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Title: Coronary Artery Perforations: Glasgow Natural History Study of Covered Stent Coronary Interventions (GNOCCI) Study
Authors: Ford, Tom ;Adamson, Carly;Morrow, Andrew J;Rocchiccioli, Paul;Collison, Damien;McCartney, Peter J;Shaukat, Aadil;Lindsay, Mitchell;Good, Richard;Watkins, Stuart;Eteiba, Hany;Robertson, Keith;Berry, Colin;Oldroyd, Keith G;McEntegart, Margaret
Affliation: Central Coast Local Health District
Gosford Hospital
Issue Date: 4-Oct-2022
Source: 11(19):e024492
Journal title: Journal of the American Heart Association
Department: Cardiology
Abstract: Background The objective of the GNOCCI (Glasgow Natural History Study of Covered Stent Coronary Interventions) Study was to report the incidence and outcomes of coronary artery perforations over an 18-year period at a single, high-volume percutaneous coronary intervention center. We considered both the temporal trends and long-term outcomes of covered stent deployment. Methods and Results We evaluated procedural and long-term clinical outcomes following coronary perforation in a cohort of 43,343 consecutive percutaneous coronary intervention procedures. Procedural major adverse cardiac events were defined as a composite of death, myocardial infarction, stroke, target vessel revascularization, or cardiac surgery within 24┬áhours. A total of 161 (0.37%) procedures were complicated by coronary perforation of which 57 (35%) were Ellis grade III. Incidence increased with time over the study period (r=0.73; P<0.001). Perforation severity was linearly associated with procedural mortality (median 2.9-year follow-up): Ellis I (0%), Ellis II (1.7%), Ellis III/IIIB (21%), P<0.001. Procedural major adverse cardiac events occurred in 47% of patients with Ellis III/IIIB versus 13.5% of those with Ellis I/II perforations (odds ratio, 5.8; 95% CI, 2.7-12.5; P<0.001). Covered stents were associated with an increased risk of stent thrombosis at 2.9-year follow-up (Academic Research Consortium definite or probable; 9.1% versus 0.9%; risk ratio, 10.5; 95% CI, 1.1-97; P=0.04). Conclusions The incidence of coronary perforation increased between 2001 and 2019. Severe perforation was associated with higher procedural major adverse cardiac events and was an independent predictor of long-term mortality. Although covered stents are a potentially lifesaving treatment, the generation of devices used during the study period was limited by their efficacy and high risk of stent thrombosis. Registration Information Identifier: NCT03862352.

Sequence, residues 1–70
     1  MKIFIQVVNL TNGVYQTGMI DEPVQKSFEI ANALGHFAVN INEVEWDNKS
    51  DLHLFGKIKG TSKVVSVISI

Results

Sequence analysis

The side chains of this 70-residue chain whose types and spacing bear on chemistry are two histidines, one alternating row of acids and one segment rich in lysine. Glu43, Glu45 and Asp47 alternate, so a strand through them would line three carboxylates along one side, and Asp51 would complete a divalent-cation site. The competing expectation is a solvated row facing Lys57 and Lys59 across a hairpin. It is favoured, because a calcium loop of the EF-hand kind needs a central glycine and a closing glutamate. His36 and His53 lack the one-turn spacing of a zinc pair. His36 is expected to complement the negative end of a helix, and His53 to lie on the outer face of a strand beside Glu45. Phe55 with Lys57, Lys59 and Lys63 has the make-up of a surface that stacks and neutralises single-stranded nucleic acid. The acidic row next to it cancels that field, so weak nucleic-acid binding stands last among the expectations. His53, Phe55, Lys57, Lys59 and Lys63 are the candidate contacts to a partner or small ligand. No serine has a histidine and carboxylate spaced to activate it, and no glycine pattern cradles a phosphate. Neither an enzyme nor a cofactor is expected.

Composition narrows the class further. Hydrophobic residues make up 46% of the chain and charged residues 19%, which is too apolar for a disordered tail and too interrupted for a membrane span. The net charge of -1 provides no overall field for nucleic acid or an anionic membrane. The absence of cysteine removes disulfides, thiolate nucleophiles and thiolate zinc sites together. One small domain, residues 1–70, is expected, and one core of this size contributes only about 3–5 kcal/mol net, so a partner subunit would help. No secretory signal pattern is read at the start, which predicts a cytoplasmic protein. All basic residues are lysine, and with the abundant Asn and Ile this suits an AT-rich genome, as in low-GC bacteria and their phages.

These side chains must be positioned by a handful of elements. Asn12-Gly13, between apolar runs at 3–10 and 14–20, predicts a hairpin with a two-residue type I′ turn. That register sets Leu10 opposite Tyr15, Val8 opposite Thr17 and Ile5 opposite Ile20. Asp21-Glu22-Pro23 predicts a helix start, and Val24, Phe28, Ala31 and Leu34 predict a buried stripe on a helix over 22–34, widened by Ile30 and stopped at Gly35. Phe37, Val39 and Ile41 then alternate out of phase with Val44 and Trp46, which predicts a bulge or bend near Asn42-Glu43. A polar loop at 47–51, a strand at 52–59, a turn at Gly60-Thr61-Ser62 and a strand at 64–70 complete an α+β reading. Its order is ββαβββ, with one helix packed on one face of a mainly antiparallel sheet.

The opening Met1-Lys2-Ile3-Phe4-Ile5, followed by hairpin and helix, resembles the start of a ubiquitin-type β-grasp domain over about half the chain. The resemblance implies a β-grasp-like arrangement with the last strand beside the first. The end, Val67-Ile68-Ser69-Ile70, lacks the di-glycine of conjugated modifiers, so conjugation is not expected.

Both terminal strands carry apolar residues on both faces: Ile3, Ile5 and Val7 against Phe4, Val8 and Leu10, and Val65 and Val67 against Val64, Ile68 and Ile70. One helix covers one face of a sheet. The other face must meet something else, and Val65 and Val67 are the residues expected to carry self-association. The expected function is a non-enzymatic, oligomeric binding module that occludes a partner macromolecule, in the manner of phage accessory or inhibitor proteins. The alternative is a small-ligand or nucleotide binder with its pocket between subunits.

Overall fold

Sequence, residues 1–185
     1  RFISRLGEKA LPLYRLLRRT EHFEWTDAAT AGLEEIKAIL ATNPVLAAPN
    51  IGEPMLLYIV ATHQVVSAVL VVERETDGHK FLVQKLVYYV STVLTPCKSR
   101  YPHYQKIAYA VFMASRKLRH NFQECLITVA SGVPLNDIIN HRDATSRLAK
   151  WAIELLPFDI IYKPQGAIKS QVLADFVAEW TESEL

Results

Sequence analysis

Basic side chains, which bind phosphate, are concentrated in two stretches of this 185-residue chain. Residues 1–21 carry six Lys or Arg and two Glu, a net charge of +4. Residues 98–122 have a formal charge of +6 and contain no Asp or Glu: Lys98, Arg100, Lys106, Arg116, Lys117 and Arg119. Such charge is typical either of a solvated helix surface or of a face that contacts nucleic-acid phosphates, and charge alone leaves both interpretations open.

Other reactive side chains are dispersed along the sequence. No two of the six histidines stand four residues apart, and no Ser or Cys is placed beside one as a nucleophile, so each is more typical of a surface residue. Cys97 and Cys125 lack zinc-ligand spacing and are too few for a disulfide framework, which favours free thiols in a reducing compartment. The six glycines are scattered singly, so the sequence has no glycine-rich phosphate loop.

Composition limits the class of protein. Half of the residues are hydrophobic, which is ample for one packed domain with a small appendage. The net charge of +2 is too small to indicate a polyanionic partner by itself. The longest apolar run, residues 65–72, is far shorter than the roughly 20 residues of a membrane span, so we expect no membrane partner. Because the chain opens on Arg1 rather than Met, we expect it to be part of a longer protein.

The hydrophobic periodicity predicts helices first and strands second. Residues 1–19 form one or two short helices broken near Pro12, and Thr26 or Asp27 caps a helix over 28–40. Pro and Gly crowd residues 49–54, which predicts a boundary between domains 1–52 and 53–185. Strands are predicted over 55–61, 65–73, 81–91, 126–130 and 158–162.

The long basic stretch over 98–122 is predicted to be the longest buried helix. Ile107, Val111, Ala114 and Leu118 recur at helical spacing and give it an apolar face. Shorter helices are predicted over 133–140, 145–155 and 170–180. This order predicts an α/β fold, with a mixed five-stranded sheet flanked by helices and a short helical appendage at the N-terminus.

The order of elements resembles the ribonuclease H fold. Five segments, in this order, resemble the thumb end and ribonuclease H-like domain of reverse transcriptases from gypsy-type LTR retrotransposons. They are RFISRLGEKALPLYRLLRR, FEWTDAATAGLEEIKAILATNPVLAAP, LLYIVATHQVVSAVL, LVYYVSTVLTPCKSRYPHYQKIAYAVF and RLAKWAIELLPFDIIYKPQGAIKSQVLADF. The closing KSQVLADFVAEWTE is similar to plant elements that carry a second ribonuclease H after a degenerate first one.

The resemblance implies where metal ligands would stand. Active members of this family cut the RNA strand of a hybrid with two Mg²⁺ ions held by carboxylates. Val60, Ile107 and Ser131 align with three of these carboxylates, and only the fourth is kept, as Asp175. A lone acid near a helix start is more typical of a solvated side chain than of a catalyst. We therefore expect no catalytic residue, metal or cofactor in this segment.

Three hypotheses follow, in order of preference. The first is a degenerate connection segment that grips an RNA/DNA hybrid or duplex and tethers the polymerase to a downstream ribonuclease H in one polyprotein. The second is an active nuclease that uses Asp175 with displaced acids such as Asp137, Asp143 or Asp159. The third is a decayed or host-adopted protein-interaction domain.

DOI: 10.1161/JAHA.121.024492
Publicaton type: Journal Article
Keywords: Cardiology
Heart Disease
Cardiovascular Disease
Appears in Collections:Cardiology

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